I wanted to have more things to post this month but between the copyedit and proofs of the Star Wars novel (which has been moved up to a release date of September 24, I'm not sure I mentioned that here) and trying to finish the first draft of Emilie and the Sky World (the sequel to Emilie and the Hollow World) plus other stuff, plus the house plumbing disaster with the recovery that went from March to May, plus a nervous breakdown, plus more other stuff, I really didn't get a chance. I'm hoping to do some quickie book giveaways here and maybe other things later in the month. (Also since it's Gay Pride, Canada Day, and July Fourth this week, I'm not sure how many people are going to be online.)
But I thought I would mark the day by talking about how I sold my first novel, The Element of Fire.
(If this some of this sounds familiar, I also wrote about it on the Night Bazaar site a couple of years ago when The Cloud Roads first came out.)
A couple of times lately I've been asked when I knew I wanted to be a writer, and the answer is I'm really not sure. I remember writing Godzilla fanfic when I was in elementary school and making giant multi-page maps of Monster Island. I think making up stories was always something I wanted to do.
I wrote fanfic all through college and some original short stories. I submitted the short stories in various places and always got rejected. (I was never able to sell a short story until after my second book (City of Bones) came out.)
After college, I was working full time at a job doing programming and computer support when I started writing The Element of Fire. I wrote at work during slow periods, waiting for programs to run or for someone to call for help. I didn't have a home computer at that point. I printed out what I'd written during the day and took it home to read over and edit, and then hand wrote new material on the weekends. Steven Gould and Laura Mixon lived in College Station at that point, and I used to get together with them and a few other people to do a writers workshop every few weeks. Steve Gould was writing Jumper at that time and I was bringing new chapters of The Element of Fire every time the workshop met.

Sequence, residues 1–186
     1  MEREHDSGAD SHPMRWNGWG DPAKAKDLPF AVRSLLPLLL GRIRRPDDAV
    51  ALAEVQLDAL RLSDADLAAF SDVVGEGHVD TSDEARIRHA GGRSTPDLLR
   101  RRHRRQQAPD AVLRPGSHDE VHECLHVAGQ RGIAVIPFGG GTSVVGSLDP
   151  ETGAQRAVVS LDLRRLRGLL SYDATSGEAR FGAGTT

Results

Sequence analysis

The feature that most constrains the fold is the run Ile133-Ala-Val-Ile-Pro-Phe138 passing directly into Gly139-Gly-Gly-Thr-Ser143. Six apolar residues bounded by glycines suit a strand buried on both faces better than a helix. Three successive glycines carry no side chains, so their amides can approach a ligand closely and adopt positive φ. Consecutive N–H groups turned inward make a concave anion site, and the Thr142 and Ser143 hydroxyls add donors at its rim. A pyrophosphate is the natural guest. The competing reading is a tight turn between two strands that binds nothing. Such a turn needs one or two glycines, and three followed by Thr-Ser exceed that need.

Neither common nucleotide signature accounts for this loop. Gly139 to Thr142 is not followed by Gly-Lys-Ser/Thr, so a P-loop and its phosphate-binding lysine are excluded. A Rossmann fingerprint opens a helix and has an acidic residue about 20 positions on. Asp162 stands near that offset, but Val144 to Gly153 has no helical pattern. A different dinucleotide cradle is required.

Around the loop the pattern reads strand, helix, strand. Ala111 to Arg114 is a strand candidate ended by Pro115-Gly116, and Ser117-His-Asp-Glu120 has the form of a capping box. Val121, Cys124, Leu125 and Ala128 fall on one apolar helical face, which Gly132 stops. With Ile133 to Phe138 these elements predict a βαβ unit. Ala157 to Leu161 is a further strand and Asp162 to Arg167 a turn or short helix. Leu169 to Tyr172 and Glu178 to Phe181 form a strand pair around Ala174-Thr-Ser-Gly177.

When I was writing at work, my boss, who was a big SF/F fan, knew what I was doing and read the books as I wrote them. We were crammed into a space slightly larger than a walk-in closet with two mainframes plus workstations, a server, and other equipment. It was also cold and noisy, due to the intense air conditioning and air cleaners needed for the mainframes. The large HP printer was an important source of warmth essential for fighting off hypothermia. (I wrote The Element of Fire, City of Bones, and half of The Death of the Necromancer in that room. My hearing and my sinuses never quite recovered, but it gave me the ability to write under just about any conditions and ignore distractions. Even now, when I write at home, I need some kind of noise in the room and often write with the TV on.)
(It was very helpful to be encouraged by my boss. Every time I've done a panel that gets into the topic of finding time for writing, there's always one or more audience members who ask what to do about someone they live with who actively discourages their writing, and/or goes out of the way to interrupt or stop them while they're doing it. Once when I was at home working on The Element of Fire, an ex-friend/roommate saw what I was doing and said, "Oh, you'll never finish that." Well, I did.)
Steve and Laura moved to New York, and while Steve was still working on Jumper he was contacted by a relatively new agent, Matthew Bialer with William Morris. Steve wasn't ready to talk to an agent at that point so he recommended me to Matt. Matt called me, I sent him the first half or so of The Element of Fire, and he agreed to represent it when it was done.
It went to a couple of publishers, including one who at first showed interest, then ended up turning it down because they felt they were overbought on first novels. Tor offered for it and finally bought it, though there was a contract dispute that stretched for months (or centuries, as if felt at the time) (it was sort of a preview of what my later career crash would be like, except that went on for a few century-years).
The book finally came out in 1993, with a lousy cover and not so great back cover copy. It was a nominee for the Crawford award and the Compton Crook/Stephen Tall Award. It was eventually reprinted in French, Russian, Spanish, Polish, and Italian.
I like the ebook cover Tiger Bright Studios did much better, so here it is: